The reality check: You are ready to try out your new membership. Your first day first day of running around like a madman begins at 5 AM, of course because anything later would be too easy and you would see yourself as a sellout, which results in a great sweat. Then you wait in line for one of the gerbil machines that you attack like a Velociraptor going after the first mammal. You spend the rest of the day vaguely numb but you feel pretty good because you finally did something you can be proud of. You go to bed that night somewhat motivated to wake up at 430 and drag your butt to the gym for day #2.

Then it happens, the alarm clock goes off you put your feet on the ground and it feels like someone put ice picks up and down your legs. You may fall or stumbled to the bathroom or something else but for sure you begin to look for reasons to get back in bed. The cycle continues for a few days or weeks but the lack of accountability, knowing coach isn’t there to take roll call and slowly, the motivation goes away. The nice kid who sold you the membership is back to his job as a waiter so he never calls to check on your progress. This is meant as a tongue-in-cheek explanation of what happens to people when they make the typical fitness resolutions during holidays. (Or worse yet, you become so insanely bored on your gerbil machine that reruns of Gilligan’s Island really do become interesting, the net result is the same)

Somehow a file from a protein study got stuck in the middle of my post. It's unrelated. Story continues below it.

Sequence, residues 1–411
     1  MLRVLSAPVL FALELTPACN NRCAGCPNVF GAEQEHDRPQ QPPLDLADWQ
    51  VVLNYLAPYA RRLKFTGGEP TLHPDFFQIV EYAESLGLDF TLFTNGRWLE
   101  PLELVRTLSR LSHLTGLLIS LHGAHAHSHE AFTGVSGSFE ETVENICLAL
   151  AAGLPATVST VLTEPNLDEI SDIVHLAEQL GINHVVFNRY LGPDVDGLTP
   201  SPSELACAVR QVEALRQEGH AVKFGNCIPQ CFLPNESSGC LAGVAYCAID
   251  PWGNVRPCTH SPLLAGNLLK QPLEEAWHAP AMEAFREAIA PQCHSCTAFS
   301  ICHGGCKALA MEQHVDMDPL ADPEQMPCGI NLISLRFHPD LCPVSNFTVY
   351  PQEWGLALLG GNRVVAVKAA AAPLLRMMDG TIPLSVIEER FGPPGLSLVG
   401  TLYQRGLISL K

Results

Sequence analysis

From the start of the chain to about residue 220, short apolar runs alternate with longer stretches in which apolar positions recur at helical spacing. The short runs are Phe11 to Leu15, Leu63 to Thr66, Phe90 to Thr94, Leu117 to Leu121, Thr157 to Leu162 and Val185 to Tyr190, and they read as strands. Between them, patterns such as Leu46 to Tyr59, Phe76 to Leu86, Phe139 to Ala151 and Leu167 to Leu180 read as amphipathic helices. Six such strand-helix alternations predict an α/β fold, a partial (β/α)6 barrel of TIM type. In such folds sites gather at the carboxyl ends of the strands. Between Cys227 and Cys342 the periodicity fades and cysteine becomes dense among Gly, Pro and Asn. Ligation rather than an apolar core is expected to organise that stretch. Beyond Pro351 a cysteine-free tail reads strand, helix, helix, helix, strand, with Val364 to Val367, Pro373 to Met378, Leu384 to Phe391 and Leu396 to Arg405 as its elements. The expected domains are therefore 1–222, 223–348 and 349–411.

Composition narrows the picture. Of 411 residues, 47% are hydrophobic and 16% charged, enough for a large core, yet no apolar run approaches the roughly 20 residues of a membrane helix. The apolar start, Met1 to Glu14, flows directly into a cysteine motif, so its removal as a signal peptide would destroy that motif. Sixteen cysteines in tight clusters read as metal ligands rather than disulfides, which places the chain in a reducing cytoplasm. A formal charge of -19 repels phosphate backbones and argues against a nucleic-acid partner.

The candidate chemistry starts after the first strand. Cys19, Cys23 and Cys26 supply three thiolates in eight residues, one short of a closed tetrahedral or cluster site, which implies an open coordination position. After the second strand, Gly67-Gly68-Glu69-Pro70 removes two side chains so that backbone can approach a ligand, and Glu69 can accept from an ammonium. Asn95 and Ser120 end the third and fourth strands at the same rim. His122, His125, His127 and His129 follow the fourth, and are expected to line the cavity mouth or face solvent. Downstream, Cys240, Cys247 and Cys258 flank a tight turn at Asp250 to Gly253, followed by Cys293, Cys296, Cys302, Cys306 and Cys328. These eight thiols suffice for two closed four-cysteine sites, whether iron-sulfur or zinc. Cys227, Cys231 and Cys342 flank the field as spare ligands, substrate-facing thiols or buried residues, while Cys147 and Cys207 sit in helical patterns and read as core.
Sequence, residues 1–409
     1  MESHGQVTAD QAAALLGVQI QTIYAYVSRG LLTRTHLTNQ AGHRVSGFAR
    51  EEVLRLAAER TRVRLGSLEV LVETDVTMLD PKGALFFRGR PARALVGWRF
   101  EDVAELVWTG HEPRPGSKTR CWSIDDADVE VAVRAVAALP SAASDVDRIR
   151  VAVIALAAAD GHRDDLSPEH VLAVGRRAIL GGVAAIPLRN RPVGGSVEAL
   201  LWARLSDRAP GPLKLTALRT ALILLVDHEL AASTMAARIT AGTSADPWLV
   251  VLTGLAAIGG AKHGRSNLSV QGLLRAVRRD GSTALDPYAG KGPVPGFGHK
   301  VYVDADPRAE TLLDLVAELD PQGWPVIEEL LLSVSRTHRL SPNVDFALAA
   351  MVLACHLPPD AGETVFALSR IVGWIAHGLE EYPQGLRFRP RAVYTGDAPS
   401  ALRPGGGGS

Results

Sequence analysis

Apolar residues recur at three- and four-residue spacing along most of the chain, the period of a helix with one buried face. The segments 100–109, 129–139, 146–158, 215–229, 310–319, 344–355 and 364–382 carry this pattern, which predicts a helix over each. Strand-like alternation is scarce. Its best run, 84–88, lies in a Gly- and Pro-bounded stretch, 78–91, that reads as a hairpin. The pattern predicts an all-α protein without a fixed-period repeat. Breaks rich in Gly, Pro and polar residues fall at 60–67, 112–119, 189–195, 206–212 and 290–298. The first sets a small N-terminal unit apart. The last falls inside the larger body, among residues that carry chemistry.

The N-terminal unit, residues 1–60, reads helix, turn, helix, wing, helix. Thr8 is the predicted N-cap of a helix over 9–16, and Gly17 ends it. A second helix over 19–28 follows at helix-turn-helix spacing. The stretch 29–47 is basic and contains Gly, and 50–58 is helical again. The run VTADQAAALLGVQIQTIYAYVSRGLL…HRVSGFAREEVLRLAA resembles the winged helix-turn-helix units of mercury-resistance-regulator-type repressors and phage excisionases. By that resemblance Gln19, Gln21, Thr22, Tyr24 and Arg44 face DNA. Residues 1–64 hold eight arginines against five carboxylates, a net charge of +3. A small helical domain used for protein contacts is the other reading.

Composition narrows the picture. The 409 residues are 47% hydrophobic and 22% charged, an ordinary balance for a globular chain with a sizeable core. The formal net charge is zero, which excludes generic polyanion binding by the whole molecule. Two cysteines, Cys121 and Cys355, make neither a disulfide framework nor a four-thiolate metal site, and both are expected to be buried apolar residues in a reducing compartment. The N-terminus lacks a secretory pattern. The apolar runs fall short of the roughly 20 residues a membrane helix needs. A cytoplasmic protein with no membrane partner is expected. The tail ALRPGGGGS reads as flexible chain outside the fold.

REFRAMING THE PROBLEM

There are some major flaws in the thought process. First people often compare themselves to when they were in the best shape of the lives, usually many years before. Here is the wake-up call for all ex-uber athletes: you’re not going to be 17 again! The last 10 or 15 or 20 or 25 years of sitting at your desk earning a living, paying a mortgage, paying your bills and going to Super Bowl parties have taken a toll. The comparison of what we were capable of in our prime versus what we are capable of now is often very different. The five-minute mile you ran at states your senior year when you weighed 160 pounds will kill you today. In our heads, we are still capable of those deeds; in reality let’s just say it’s a little different. The first real step for any resolution (true fitness program) to be successful is a reasonable assessment of where you are now. If walking on a treadmill for five minutes now seems like a marathon it is just a data point. If you are capable of doing 1/2 pull up and that is also a data point. If you are capable of six good push-ups then that is just a data point. Whatever the data point is, it is just a data point.